We talked to three senior leaders in three state Catholic conferences about the practicalities of working to support legal reforms in this area. It’s a complicated issue, as you’d expect. 

They, like everyone else in society, have to work with the legitimate right of self-defense, and balance it against the needs of the common good in the face of violence. And they have to do so in vastly different circumstances in different states.

One thing we learned from the conversation was how state Catholic conferences are taking lessons from the abortion debate and applying them to legislative conversation about guns. 

As one of state leader explained, as with abortion, national polling on guns gives some often misleading headline statistics, but when you drill down just a little you find a broad base of consensus around certain limits people support. And, as with abortion, there often just isn’t the political will to enact them. 

Working for progress of any kind in these conditions requires of Catholics a certain pragmatism, along with a prophetic witness to life. Read the whole thing.

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It’s about the context

I only returned to live in the United States as an adult in my mid-thirties, and I never feel more like a foreigner in my own country than after one of these horrible events.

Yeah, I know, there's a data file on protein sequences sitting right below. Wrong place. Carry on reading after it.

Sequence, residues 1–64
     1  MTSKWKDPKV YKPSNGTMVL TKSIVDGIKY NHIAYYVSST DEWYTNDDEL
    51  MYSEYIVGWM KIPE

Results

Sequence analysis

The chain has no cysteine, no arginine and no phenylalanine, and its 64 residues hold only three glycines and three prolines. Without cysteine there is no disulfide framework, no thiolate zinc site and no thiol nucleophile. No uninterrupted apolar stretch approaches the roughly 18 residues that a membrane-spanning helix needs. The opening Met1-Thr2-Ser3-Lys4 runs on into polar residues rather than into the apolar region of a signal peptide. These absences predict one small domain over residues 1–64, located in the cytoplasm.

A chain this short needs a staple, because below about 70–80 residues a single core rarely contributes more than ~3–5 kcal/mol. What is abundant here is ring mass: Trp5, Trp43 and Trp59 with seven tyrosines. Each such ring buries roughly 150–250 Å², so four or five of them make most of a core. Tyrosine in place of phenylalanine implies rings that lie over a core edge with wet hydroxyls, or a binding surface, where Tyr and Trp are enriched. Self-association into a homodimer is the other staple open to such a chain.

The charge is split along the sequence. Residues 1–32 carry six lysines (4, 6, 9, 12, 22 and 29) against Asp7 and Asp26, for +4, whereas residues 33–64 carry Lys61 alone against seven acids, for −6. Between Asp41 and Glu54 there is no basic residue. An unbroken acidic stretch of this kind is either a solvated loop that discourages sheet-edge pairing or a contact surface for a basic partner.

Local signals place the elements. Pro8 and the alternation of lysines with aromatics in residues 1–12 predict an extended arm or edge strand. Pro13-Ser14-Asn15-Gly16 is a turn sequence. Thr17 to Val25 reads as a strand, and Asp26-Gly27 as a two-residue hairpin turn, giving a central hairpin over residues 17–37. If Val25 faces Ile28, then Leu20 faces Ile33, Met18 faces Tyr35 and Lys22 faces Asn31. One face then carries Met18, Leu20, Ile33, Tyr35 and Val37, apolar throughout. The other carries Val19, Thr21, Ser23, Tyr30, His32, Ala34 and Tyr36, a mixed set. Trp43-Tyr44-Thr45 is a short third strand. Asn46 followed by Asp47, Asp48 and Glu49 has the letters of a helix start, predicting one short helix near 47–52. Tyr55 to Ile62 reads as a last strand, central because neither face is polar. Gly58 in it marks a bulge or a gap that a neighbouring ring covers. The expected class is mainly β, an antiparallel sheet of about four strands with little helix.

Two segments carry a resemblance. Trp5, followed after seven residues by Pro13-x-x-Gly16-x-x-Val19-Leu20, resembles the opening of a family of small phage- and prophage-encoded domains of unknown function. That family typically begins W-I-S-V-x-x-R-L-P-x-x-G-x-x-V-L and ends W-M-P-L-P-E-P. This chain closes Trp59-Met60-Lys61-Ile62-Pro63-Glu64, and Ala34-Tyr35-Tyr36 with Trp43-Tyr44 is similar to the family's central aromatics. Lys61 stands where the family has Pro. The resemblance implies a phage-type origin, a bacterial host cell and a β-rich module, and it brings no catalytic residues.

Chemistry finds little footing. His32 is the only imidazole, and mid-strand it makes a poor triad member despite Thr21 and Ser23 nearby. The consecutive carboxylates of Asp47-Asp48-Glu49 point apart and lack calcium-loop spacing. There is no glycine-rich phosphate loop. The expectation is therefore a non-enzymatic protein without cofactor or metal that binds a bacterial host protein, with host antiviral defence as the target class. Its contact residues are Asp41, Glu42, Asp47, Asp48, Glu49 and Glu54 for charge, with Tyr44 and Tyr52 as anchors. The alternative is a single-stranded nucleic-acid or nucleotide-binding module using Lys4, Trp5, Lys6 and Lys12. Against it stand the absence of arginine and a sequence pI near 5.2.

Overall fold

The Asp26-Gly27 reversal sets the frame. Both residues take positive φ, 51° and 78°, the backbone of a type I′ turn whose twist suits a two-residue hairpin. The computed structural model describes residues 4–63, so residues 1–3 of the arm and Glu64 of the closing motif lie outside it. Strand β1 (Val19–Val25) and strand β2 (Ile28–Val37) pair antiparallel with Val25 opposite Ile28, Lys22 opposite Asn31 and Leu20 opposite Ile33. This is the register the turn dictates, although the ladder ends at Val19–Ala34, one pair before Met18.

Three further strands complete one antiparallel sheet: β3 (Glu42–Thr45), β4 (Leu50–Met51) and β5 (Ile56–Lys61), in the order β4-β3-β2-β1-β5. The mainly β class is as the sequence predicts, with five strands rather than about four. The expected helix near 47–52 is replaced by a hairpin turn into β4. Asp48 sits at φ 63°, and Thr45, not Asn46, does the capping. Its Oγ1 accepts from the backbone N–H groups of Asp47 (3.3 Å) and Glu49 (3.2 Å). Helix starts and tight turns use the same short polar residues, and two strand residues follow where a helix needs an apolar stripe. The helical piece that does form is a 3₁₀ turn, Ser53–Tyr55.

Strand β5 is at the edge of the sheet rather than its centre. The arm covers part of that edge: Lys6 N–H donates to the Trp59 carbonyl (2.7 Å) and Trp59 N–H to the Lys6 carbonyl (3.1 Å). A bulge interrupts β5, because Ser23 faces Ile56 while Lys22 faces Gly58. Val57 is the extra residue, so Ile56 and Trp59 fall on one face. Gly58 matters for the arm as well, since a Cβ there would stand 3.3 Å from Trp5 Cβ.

I confess upfront that I have never felt drawn by a particular “side” in the gun debate, at least apart from in the immediate context of 19 children being murdered in their classroom.

I own no handguns or rifles, I have no desire to do so, and I’m mystified by the sine qua non significance often placed upon them in American discourse of rights. That said, as a lawyer and a journalist, I hear the concern about how the case against the Second Amendment — that its authors couldn’t conceive of modern firearms — might be applied to the First Amendment, which obviously did not foresee the internet either.

That all gives me pause, or it would, were it separable from the immediate context of 19 children being murdered in their classroom.

I also understand that, as all the statistics I have seen seem to show, there would appear to be no obvious evidence that cities and states with stricter firearms laws necessarily have less gun crime, and that legal gun owners are, statistically speaking, more law abiding than average.

And I am sensitive to the reality of a “gun culture” in many parts of this country which is not sinister, and indeed places a premium on responsibility, of which I have no personal experience and which I should refrain from judging in my ignorance. 

Or I would be, outside of the immediate context of 19 children being murdered in their classroom. 

The problem I have in all of this is the immediate context of 19 children being murdered in their classroom, barely a week after 10 people were gunned down in a supermarket because they were Black. 

And that both of these atrocities were carried out by teenagers with obvious warning signs of mental instability who still had, so far as I can tell, legal access to firearms — one in a very loosely regulated state (Texas) and the other in one of the most strictly regulated (New York).

I simply do not know how to process this other than as an existential civilizational crisis.